Have you ever considered how you might conduct effective and enjoyable EAP sessions? Despite the limited duration and high-stakes nature of EAP classes, the emphasis on learner autonomy, critical thinking, and authentic academic situations renders the teaching process potentially more engaging than that of a standard English course, provided appropriate delivery methods are employed.
As per Tomlinson’s (2013) perspective, classroom material ought to offer an array of authentic input in the target language, encompassing diverse styles, forms and functions. Based on this notion, I developed a lesson plan aimed at introducing my EAP students to academic research reports, facilitating their exposure to an authentic lecture and enabling them to independently explore the subject matter. To achieve this objective, I selected a TED talk and a pertinent research article as the primary resources for this lesson.Continue reading →
In my very first TESL Ontario blog post, I shared an activity to help teachers remember their students’ names.1 It also happens that the activity helps students learn each other’s names and, as a result, helps to build community. By addressing each other by name, students are more likely to build bonds and feel valued. Building community is a process, however, and although this activity is a good start, teachers can incorporate other activities throughout the term or academic year to make the process memorable.
The following activity is one I use to help strengthen students’ sense of community by letting them share something about themselves that highlights a positive attribute. This activity also gives the teacher the opportunity to do the same.
I love creative writing. Creative writing can excite so many learners, but it can also terrify more than a few learners. I experimented with a number of activities that would help build experience and confidence with creative writing and this one—writing a character sketch—works as the most manageable and successful.
Many educators are now familiar with the black screens and mute students on Zoom and its breakout rooms. While having student cameras turned on can certainly have its own merits, the black screens do not necessarily mean that the students cannot or will not contribute. I have found the following three activities helpful in engaging students regardless of having their cameras on or off.
Whether we teach a class in person or we teach an online synchronous course, Mentimeter can accommodate engaging large groups of audiences. If we teach a class implementing Bloom’s Taxonomy approach, Mentimeter can be a great tool in developing a successful and engaging lesson. Continue reading →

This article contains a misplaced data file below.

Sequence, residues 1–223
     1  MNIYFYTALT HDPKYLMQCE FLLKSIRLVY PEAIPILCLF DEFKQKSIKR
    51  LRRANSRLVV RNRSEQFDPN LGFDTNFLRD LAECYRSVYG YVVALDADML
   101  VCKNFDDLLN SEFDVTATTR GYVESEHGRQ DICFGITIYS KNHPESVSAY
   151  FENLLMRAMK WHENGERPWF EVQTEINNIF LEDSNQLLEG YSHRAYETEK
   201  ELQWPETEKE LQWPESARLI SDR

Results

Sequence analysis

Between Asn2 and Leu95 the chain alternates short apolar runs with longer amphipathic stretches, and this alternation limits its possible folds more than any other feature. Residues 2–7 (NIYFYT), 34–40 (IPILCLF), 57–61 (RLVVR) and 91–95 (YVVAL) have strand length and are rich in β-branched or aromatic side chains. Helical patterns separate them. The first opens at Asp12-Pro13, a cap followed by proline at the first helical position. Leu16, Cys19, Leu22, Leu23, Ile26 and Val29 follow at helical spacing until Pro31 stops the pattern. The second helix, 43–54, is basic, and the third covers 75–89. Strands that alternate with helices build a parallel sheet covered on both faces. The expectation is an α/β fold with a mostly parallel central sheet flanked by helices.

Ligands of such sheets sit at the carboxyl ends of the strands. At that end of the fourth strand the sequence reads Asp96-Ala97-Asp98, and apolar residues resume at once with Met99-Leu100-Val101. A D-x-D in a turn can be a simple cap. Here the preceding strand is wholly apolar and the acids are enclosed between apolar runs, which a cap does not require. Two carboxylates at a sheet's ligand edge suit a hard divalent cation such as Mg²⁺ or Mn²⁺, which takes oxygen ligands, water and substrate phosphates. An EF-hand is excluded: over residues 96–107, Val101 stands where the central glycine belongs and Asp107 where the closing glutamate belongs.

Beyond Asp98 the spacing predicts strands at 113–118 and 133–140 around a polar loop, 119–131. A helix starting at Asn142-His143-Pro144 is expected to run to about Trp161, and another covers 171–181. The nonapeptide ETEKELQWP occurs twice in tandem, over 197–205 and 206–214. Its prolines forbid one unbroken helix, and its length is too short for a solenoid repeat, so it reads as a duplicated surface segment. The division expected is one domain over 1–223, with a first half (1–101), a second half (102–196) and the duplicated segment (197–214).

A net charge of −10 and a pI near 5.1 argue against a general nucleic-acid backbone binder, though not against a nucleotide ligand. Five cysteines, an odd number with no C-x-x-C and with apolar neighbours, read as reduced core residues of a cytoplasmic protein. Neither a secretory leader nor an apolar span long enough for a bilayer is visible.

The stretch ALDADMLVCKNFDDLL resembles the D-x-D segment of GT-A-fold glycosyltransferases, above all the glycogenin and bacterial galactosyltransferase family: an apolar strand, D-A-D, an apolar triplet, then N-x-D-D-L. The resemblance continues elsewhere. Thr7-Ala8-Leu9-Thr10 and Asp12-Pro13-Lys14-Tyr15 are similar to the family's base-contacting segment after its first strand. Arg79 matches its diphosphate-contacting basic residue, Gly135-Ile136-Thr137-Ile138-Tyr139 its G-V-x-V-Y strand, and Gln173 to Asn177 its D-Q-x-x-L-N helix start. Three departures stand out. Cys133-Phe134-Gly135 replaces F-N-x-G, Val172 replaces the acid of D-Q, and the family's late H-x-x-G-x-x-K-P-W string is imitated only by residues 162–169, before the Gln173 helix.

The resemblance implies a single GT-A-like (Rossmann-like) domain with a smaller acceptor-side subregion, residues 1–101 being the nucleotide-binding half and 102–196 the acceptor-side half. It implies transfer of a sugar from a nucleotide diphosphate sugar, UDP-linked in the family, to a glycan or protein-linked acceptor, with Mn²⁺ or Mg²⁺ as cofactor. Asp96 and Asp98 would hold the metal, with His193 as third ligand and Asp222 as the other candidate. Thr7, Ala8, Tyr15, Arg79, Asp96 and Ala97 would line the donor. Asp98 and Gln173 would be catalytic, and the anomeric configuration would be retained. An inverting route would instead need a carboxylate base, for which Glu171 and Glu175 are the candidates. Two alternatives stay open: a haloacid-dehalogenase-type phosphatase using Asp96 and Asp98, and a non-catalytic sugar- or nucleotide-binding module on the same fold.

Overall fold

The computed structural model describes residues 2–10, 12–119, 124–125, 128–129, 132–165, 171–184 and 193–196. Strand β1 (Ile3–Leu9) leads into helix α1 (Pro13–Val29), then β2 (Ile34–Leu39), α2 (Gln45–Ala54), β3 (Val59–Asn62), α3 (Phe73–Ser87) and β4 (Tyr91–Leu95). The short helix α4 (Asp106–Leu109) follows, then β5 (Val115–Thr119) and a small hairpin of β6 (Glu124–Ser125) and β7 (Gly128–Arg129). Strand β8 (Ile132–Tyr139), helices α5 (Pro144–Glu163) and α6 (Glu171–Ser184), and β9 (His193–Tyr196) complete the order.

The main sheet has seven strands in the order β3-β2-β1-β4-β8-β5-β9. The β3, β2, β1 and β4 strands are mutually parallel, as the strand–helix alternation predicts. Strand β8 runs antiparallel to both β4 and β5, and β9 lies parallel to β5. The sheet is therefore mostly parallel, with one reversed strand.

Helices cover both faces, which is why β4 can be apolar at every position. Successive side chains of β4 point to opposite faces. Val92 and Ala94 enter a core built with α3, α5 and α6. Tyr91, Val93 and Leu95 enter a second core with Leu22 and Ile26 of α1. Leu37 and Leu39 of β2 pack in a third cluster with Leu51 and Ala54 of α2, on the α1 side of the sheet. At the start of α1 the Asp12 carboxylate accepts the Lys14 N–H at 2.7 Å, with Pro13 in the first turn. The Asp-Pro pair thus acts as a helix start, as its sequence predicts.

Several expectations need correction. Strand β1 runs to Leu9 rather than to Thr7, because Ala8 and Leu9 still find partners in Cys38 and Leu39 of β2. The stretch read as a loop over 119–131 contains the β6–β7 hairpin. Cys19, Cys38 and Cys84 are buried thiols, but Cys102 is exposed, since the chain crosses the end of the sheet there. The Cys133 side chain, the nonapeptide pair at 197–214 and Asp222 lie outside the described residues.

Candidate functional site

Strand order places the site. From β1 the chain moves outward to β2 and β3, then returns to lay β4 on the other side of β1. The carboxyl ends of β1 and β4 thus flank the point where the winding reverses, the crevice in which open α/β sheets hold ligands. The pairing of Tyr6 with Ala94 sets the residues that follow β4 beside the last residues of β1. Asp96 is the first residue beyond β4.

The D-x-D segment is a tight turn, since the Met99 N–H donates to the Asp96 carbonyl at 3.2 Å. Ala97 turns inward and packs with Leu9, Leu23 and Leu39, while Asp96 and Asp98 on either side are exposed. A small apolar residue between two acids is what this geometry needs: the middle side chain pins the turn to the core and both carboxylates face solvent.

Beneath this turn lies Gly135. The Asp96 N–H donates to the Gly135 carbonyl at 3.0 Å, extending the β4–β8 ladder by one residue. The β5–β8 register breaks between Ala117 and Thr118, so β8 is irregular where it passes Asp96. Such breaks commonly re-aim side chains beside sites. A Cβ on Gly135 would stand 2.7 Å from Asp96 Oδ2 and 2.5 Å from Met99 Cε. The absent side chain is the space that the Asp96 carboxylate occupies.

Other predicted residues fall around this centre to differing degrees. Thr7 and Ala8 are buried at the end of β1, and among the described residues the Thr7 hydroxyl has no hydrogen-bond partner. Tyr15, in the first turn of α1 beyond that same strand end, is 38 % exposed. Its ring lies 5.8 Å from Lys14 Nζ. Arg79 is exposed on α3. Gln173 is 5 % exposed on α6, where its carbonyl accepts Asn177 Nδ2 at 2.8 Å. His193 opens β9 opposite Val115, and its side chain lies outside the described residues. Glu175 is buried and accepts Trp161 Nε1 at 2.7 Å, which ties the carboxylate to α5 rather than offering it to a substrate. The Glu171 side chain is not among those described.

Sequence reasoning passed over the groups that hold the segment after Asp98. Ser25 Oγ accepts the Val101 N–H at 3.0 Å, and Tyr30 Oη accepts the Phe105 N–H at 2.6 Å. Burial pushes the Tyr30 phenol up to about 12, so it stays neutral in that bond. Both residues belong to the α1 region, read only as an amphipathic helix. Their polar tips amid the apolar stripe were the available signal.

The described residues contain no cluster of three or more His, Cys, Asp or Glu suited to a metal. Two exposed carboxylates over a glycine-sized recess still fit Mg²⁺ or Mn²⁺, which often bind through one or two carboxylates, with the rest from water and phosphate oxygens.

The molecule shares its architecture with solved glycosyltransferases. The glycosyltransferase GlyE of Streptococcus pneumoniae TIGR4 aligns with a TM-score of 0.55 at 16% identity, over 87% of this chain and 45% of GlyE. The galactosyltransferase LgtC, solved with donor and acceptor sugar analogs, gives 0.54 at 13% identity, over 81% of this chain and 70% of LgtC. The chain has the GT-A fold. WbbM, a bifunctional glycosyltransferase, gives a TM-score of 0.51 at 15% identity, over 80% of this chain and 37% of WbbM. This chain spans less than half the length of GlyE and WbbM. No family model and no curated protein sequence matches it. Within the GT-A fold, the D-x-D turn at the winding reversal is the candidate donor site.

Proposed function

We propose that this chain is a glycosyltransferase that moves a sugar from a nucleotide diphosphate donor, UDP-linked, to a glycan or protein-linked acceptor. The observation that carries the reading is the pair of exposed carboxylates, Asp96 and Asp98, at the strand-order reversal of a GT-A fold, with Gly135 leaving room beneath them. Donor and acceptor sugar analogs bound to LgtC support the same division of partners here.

We’re heading into the third month of winter, a time of year when many people I know are starting to feel tired of the cold and the snow and are ready for warmer weather to arrive. On the cold, gray days, it can be harder to feel super motivated about planning. However, February is also home to many different and important days of observance, and we can use these days to inspire conversation and activities in the classroom. February is so much more than Valentine’s Day!
January is typically a time when people are looking forward – considering new goals and new approaches. In this post, however, I’ve decided to look back. I’m revisiting some of the information I gave in my very first professional development activity for TESL Ontario: a webinar I co-delivered in 2016 entitled Getting Animated: Graphic Novels in the ESL Classroom. My hope is that this blog will encourage readers to find ways to incorporate graphic novels and/or comics into their 2023 teaching practices.
While I am sure most instructors have begun classes for the fall term, perhaps you have new students trickling in – or haven’t had a chance to do a “get-to-know-you activity. Follow the link below to read Cecilia’s ideas from her October 2014 post.
Over the pandemic, several instructors have commonly requested assistance with recording dialogues for PBLA activities, assessments, reading practice or listening activities. In this post, I have detailed the steps. These steps focus on preparing a listening dialogue for a class activity. I am sure that many instructors and students have devised their own hacks for this issue, so if you have invented better methods, please add them to the comments below.
When we went back to class in March, my students appeared larger than life. More human, tangible. Lots of smiles, welcoming faces, laughter, and excitement. They had a willingness to learn and interact with each other, as well as with the teacher.
I was curious to see how teaching would function in a “post-COVID-19” period. I was happy to see them in class.
I developed a learn-as-you-go approach. I didn’t know who would attend on a day-to-day basis and hoped more students of various backgrounds would join.